For a cool, immersive view of Mars Rover Curiosity and other spacecraft, space enthusiasts can also use their Apple iPhones to access a new augmented-reality experience that "projects" 3-D images of robotic explorers for first-hand, up-close inspection. For those wanting a live, community experience, museums and civic groups worldwide are hosting Curiosity landing events, often with big-screen experiences and public talks.

"Multiple partnerships united around science literacy can really make a difference in reaching and inspiring more people around the world," Viotti said. "NASA welcomes innovative collaborations that inspire lifelong learning and access to discovery and innovation."

Related Links
Mars Science Lab
Mars News and Information at MarsDaily.com
Lunar Dreams and more

Get Our Free Newsletters Via Email
Buy Advertising Editorial Enquiries


. Comment on this article via your Facebook, Yahoo, AOL, Hotmail login.

Share this article via these popular social media networks
del.icio.usdel.icio.us DiggDigg RedditReddit GoogleGoogle

Fireworks Over Mars: The Spirit of 76 Pyrotechnics
Pasadena CA (JPL) Jul 03, 2012
One month and a day after celebrating its independence with fireworks exhibitions throughout the country, America will carry its penchant for awe-inspiring aerial pyrotechnic displays to the skies of another world. Some pyrotechnics will be as small as the energy released by a box of matches. One packs the same oomph as a stick of TNT. Whether they be large or small, on the evening of Augu ... read more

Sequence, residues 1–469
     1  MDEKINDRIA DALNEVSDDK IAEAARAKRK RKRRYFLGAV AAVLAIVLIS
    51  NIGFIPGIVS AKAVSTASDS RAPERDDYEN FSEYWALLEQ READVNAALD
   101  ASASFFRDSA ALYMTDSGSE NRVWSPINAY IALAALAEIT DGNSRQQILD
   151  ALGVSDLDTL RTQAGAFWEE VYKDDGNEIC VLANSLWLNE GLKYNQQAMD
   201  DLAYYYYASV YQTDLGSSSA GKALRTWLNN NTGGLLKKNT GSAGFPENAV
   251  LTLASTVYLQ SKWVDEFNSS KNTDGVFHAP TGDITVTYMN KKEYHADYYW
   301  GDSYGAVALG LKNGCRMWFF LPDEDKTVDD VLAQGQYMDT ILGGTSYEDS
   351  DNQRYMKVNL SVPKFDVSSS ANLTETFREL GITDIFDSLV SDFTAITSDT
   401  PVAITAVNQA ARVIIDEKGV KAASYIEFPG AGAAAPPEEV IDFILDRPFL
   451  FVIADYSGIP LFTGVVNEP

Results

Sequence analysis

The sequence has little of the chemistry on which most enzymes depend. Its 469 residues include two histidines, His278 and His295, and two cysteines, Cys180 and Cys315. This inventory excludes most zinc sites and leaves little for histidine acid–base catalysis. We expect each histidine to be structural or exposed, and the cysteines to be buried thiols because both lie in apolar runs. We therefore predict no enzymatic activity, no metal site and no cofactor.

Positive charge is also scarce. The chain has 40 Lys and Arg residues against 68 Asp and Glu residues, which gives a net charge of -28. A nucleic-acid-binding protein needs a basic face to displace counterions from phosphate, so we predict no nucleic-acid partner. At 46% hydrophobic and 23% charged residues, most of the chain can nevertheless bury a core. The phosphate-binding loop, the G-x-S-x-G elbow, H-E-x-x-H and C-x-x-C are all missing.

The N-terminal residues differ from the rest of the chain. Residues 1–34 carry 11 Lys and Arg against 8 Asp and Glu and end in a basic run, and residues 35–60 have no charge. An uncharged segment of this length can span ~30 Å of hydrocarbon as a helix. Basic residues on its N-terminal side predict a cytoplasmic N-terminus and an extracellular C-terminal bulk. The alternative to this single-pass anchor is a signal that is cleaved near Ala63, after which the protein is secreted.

ESA to catch laser beam from Moon mission

Researchers Estimate Ice Content of Crater at Moon's South Pole

Researchers find evidence of ice content at the moon's south pole

Nanoparticles found in moon glass bubbles explain weird lunar soil behaviour

Astronauts in good shape after return

China's manned spacecraft in final preparations for mid-June launch

Shenzhou mission sparks 'science fever'

China Beats Russia on Space Launches

New crew docks with space station: Russia

Joyful crews unite aboard space station

Russian Space Lab Launch Delayed Again

Russian rocket launches new crew to space

Hubble Discovers a Fifth Moon Orbiting Pluto

Hubble telescope spots fifth moon near Pluto

New Horizons Doing Science in Its Sleep

It's a Sim: Out in Deep Space, New Horizons Practices the 2015 Pluto Encounter

Saturn's Rings are Back

The Titanian Seasons Turn, Turn, Turn

Cassini Flies High to View Saturn's Rings Again

Titan's tides point to hidden ocean

NASA's Landsat Data Continuity Mission Becomes an Observatory

New eyes in the sky

IGARSS 2012 - 'Remote Sensing for a Dynamic Earth'

MSG-3 set to ensure quality of Europe's weather service from geostationary orbit

Inflatable Spacecraft Heat Shield Set to Launch

Titanic II to have 'safety deck': Australian tycoon

Ambitious ISRO enhancing India's space capabilities

Me and My Spacesuit

Can Astronomers Detect Exoplanet Oceans

The Mysterious Case of the Disappearing Dust

Study in Nature sheds new light on planet formation

New Instrument Sifts Through Starlight to Reveal New Worlds

Memory Foam Mattress Review

Newsletters :: SpaceDaily Express :: SpaceWar Express :: TerraDaily Express :: Energy Daily
XML Feeds :: Space News :: Earth News :: War News :: Solar Energy News


The content herein, unless otherwise known to be public domain, are Copyright 1995-2012 - Space Media Network. AFP, UPI and IANS news wire stories are copyright Agence France-Presse, United Press International and Indo-Asia News Service. ESA Portal Reports are copyright European Space Agency. All NASA sourced material is public domain. Additional copyrights may apply in whole or part to other bona fide parties. Advertising does not imply endorsement,agreement or approval of any opinions, statements or information provided by Space Media Network on any Web page published or hosted by Space Media Network. Privacy Statement